Make haste to release legislative stranglehold on small business

Michael Bagraim writes that it is vital that we do everything in our power to ensure that small businesses not only survive but thrive. Picture: Nqobile Mbonambi/African News Agency(ANA)

Michael Bagraim writes that it is vital that we do everything in our power to ensure that small businesses not only survive but thrive. Picture: Nqobile Mbonambi/African News Agency(ANA)

Published Apr 25, 2024


It is a truism that small business is the engine room, or job creator, for the youth and those entering the economy for the first time.

A study in the US shows that 18.2% of employed persons are one-person businesses. This makes an enormous difference in the US, where unemployment is low. Unfortunately, we have a culture in South Africa that resists start-up businesses, and one-person businesses are not the norm.

We are suffering from some of the remnants of apartheid during which there was a psychology of dependence forced by the old Nationalist government. We should be aiming at having almost 20% of the workforce earning money from being self-employed.

It is also vital, and here I repeat myself, that we do everything in our power to ensure that small businesses not only survive but thrive.

I asked the minister of small business development to give me the relevant details of the progress that had been made in: a) reducing the regulatory impediments for small medium and micro enterprises and co-operatives and b) implementing remedies to address the 29 major regulatory barriers identified through research.

The ministry replied in writing, explaining what the department had done to implement measures to address the legislative and administrative burden faced by SMMEs and co-operatives. The ministry said it was commissioning research that investigated sectors and sub-sectors wherein the influence of red tape was unpacked, so that it could develop strategies and interventions that circumvented the negative effects of red tape.

Furthermore, I was told that the department had commissioned a study on regulatory impediments affecting SMME growth and development in South Africa. It identified 29 pieces of legislation that acted as primary inhibitors of business start-up and growth.

It went on to state: “These pieces of legislation were identified as having a direct impact on SMMEs, while the impact of others relate primarily to the administration of the regulation rather than the regulation itself.” Interestingly, the department did acknowledge that it was the government that was standing in the way of the development and success of small businesses.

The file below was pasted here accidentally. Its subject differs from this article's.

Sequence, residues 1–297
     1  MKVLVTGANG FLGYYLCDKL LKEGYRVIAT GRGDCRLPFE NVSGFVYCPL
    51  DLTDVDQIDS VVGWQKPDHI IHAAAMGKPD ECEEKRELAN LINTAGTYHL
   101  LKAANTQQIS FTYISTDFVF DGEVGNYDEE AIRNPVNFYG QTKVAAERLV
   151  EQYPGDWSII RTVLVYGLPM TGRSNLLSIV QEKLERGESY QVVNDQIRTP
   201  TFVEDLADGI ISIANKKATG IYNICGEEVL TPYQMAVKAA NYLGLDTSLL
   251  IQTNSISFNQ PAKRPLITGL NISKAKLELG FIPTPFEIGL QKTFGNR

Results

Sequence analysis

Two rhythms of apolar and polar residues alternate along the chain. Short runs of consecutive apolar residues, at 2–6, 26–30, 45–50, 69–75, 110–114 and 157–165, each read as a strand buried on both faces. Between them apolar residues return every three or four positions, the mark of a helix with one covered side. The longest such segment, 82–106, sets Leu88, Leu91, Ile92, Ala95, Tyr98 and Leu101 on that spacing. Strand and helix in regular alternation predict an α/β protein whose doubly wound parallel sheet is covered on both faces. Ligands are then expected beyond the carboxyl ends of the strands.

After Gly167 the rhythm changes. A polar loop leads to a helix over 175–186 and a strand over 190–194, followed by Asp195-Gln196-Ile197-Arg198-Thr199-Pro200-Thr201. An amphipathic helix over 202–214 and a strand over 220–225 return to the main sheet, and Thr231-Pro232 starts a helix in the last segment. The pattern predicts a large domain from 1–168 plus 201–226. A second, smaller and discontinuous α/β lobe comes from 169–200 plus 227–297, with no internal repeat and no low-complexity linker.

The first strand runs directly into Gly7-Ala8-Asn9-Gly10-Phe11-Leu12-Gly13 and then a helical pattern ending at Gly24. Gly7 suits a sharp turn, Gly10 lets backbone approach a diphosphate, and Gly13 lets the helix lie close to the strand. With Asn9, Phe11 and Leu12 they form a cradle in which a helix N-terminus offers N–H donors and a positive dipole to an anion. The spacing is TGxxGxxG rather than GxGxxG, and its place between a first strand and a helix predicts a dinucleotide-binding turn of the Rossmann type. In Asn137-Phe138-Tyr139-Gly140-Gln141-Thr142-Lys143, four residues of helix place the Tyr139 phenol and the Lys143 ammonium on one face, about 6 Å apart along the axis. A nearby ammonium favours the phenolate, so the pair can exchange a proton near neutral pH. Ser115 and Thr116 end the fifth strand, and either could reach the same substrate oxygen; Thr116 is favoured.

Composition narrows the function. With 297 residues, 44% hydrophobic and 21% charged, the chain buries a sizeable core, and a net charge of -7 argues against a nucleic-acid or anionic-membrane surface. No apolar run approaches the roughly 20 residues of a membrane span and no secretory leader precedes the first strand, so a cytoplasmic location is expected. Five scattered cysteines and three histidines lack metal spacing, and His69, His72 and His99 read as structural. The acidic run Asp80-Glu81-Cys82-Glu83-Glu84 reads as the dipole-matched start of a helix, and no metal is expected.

It said: “Excessive red tape about compliance with labour laws, human and industrial relations, tax and tax related issues, legal requirements, municipal regulations, and support for business start-ups are key obstacles experienced by SMMEs.”

In other words, what is clear is that even the ANC government, which has been anti-business over the past 30 years, is acknowledging that it is not the government that is there to create jobs but, rather, small, medium and micro-enterprise businesses.

We don’t need any more research of that nature. We’ve had reports on the inputs and the feedback from the key stakeholders and the ministry is now aware of what needs to be done. I am keenly aware that the government is in election mode and all the workshops and plans will be put on hold until after May 29.

However, we, the public, need to carefully watch how the regulatory impediments and the implementation plans are going to be put into force. The government has had feedback from Business Unity South Africa, Nedlac, various chambers of business and Business Leadership South Africa.

The feedback, including feedback from the Small Business Institute, must now be put into the working environment. We’ve had extensive consultations and we are aware of the onerous regulatory environment.

Small businesses cannot afford the cost of compliance with those thousands of regulations. We need to immediately start working on the 29 pieces of legislation across the three spheres of the government, so that we can support small business growth and development.

Unfortunately, implementation of new legislation is tedious and, sometimes, can take years. However, regulations can be expunged by the stroke of a pen. We need leadership in all government departments to be brought on board and understand that the small business environment needs support. The review of the regulatory framework can be done quickly and efficiently, with little cost. We don’t need more consultations and discussions; what we now need is action.

Political leadership has to move away from the “command and control” environment. We need to let go of the business community. Provinces and local governments are aware of the administrative inefficiencies relating to specific regulations and legislation.

We note that in the Western Cape, the provincial government has tackled red tape with alacrity, it is regulatory reform and it has made that a priority. Our laws need to be aligned with the country’s economic and social challenges.

Finally, the ministry has promised that it is developing a monitoring and reporting tool that forms part of the framework. It says the tool would introduce indicators for the ease of doing business. Once again, I have faith and enormous hope that the government departments under a multiparty government will unblock the stranglehold that the government has on small businesses.

* Michael Bagraim is a veteran labour lawyer, and a Democratic Alliance MP.

** The views expressed here are not necessarily those of Independent Media.

Cape Argus

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